We must not forget, then, that until the beginning of this year the so-called professor privilege was in force, which attributed to the researcher-inventor all the rights, patrimonial and otherwise, related to the intellectual property of the project. A recent decree has attributed the ownership of inventions made in the field of public research no longer to the individual researcher, but to the university or research institution.
This, together with the new TT Offices, will promote the enhancement of the patent, both as a license for a large industrial group and through the creation of innovative start-ups.
And then there is the matter of the tax credit …
As the Italian Tech Alliance we are working with the various ministries to bring the research and development tax credit back to 50%, in line with countries such as France, Germany and the UK. We would also like this credit to be offset, through the sale or repayment by the state of the capital invested.
Often the innovative startups have no turnover or profits and, consequently, do not pay taxes: they therefore find themselves with a strong credit but without the necessary cash for development. However, let me say that another critical factor is that of the administrative complexities associated with carrying out clinical trials.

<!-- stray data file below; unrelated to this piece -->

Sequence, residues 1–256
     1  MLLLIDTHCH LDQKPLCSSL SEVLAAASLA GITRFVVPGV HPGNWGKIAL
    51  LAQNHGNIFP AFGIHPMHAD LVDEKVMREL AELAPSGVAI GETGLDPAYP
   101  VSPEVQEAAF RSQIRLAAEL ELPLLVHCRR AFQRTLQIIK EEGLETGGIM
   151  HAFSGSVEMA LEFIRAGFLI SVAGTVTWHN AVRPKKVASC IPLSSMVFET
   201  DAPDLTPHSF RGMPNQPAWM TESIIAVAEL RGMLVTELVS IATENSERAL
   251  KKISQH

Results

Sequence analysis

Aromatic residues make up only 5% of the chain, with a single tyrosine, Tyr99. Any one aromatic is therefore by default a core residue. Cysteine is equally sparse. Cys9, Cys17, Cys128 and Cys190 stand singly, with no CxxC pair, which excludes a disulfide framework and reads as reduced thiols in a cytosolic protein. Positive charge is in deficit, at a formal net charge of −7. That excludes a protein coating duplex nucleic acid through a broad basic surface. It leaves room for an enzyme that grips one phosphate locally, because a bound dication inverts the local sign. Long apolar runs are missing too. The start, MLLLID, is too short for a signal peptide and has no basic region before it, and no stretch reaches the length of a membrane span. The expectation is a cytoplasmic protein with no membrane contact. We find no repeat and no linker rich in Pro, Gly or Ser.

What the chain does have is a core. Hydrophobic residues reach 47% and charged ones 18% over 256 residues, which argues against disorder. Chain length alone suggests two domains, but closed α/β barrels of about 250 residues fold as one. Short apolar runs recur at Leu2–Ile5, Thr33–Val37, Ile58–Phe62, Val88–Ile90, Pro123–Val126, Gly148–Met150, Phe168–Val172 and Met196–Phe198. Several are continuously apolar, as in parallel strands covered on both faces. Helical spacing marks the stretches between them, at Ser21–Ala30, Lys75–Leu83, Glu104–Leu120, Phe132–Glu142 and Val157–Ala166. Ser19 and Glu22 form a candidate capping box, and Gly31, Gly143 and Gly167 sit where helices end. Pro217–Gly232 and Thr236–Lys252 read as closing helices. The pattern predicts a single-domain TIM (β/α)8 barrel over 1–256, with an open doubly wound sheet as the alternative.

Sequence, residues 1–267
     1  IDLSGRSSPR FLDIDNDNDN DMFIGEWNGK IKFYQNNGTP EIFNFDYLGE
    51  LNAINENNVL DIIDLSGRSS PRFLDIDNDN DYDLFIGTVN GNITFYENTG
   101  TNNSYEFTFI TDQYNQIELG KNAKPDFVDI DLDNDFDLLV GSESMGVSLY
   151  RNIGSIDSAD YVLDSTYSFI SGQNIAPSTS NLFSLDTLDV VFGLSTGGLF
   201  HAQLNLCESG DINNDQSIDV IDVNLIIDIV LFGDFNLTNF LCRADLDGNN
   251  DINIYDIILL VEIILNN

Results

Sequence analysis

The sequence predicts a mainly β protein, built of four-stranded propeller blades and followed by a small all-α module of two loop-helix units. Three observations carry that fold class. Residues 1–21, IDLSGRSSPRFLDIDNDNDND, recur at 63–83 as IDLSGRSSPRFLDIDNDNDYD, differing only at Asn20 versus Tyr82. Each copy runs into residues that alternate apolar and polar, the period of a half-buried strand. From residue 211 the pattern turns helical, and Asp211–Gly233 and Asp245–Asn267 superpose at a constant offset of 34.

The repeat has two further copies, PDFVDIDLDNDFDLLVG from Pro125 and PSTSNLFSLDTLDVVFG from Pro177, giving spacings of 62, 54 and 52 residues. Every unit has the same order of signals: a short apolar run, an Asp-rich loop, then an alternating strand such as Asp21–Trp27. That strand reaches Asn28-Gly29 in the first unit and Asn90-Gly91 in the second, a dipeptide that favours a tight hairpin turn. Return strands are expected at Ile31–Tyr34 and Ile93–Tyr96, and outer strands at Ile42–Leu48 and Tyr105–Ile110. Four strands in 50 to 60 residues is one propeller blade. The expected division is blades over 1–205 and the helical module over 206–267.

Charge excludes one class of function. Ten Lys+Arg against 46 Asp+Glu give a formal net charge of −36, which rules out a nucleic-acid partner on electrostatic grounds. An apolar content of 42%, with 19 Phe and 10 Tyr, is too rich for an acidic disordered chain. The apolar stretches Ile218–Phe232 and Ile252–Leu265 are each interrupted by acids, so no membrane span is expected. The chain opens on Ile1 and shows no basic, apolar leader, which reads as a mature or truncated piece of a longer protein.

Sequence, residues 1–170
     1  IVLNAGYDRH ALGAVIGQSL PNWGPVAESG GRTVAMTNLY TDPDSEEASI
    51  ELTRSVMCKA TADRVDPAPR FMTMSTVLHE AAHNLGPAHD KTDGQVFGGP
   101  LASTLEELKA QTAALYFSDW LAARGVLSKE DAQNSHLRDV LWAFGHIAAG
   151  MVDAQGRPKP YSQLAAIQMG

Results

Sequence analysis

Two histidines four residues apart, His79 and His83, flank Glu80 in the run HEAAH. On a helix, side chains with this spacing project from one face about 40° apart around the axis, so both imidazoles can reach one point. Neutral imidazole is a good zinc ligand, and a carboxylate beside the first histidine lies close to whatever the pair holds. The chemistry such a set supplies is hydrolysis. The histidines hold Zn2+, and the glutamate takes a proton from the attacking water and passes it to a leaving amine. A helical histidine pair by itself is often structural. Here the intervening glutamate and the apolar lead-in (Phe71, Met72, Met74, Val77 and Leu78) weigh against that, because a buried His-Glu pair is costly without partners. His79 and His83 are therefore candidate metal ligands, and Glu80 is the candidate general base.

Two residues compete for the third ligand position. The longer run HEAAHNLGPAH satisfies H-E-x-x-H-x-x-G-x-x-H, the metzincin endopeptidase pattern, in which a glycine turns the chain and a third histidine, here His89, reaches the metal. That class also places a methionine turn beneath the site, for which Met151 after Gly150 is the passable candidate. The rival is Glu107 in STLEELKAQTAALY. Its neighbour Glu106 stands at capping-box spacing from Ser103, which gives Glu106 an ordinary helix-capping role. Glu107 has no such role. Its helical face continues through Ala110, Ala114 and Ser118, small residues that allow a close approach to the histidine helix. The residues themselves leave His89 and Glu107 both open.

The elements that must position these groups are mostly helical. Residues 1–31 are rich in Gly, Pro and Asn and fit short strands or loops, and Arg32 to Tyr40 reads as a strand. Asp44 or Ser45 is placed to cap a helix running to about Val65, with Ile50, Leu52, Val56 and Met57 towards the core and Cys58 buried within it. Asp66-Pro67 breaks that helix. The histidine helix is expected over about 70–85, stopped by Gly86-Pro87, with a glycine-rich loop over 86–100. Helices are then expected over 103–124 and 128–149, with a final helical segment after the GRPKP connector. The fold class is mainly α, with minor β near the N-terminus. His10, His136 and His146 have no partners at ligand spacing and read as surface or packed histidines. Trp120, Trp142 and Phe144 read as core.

The streamlining of procedures would be crucial both for the startup, which would have the opportunity to set up the trial in their own country, and for the research center and for patients, who would have access to innovative therapies.
Deep tech, in particular, often struggles to raise funding, due to the complexity of the projects, the long time-to-market and the high costs: how could we guarantee greater support for these companies’ TT?
Contrary to what happens in digital, where products are developed more rapidly, in deep tech the complexities slow down the development path, which can require large investments (venture capital, entrepreneur, business angel or other) and many years of work.
Furthermore, we are talking about companies that do not necessarily make a turnover, and so a profit: it is therefore necessary to find intelligent financing methods. The first steps in technology readiness are the longest and most expensive ones.
On the model of other countries, we should also push researchers to obtain grants or have access to funding for obtaining a proof of concept: solutions that allow to reach a relatively advanced TRL and that minimize the investment risk.
Our biotechnological corporate fabric is mainly made up of micro-enterprises: what are the characteristics that enable a small startup to compete internationally?
In all sectors, including biotech, the Italian fabric is made up of micro-enterprises, which are not all startups.
Startups are realities that aim to achieve a product with a high level of innovation. They must create a good product, think with an international mentality (and therefore be very ambitious), have the ability to target significant markets and grow as a structure.
Usually, the team is initially composed of a core of researchers with a highly scientific profile who do not necessarily have managerial and business skills within it.